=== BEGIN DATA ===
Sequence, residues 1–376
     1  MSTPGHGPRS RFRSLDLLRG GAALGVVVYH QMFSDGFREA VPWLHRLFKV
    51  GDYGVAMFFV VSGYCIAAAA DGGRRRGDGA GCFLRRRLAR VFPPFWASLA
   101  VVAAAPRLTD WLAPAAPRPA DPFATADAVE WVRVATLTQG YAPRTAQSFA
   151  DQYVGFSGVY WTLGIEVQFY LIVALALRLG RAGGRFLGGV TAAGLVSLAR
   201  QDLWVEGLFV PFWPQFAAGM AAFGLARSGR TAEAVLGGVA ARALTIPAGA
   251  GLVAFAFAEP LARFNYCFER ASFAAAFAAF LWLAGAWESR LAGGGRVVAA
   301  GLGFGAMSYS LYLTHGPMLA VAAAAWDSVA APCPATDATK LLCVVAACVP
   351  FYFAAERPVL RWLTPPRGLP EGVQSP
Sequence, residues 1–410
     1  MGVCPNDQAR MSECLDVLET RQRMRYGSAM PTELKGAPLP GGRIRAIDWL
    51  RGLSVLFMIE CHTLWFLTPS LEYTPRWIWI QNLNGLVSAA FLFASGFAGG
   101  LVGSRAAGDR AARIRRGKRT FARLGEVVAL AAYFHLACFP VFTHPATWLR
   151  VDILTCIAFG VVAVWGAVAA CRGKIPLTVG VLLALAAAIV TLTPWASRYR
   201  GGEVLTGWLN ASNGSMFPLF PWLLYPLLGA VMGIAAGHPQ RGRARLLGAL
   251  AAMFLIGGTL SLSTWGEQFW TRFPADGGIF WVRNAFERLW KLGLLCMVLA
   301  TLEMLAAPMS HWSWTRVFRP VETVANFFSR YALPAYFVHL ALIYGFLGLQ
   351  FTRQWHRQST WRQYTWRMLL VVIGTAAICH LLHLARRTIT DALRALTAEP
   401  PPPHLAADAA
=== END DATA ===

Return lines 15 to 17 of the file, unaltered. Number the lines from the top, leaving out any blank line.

   201  GGEVLTGWLN ASNGSMFPLF PWLLYPLLGA VMGIAAGHPQ RGRARLLGAL
   251  AAMFLIGGTL SLSTWGEQFW TRFPADGGIF WVRNAFERLW KLGLLCMVLA
   301  TLEMLAAPMS HWSWTRVFRP VETVANFFSR YALPAYFVHL ALIYGFLGLQ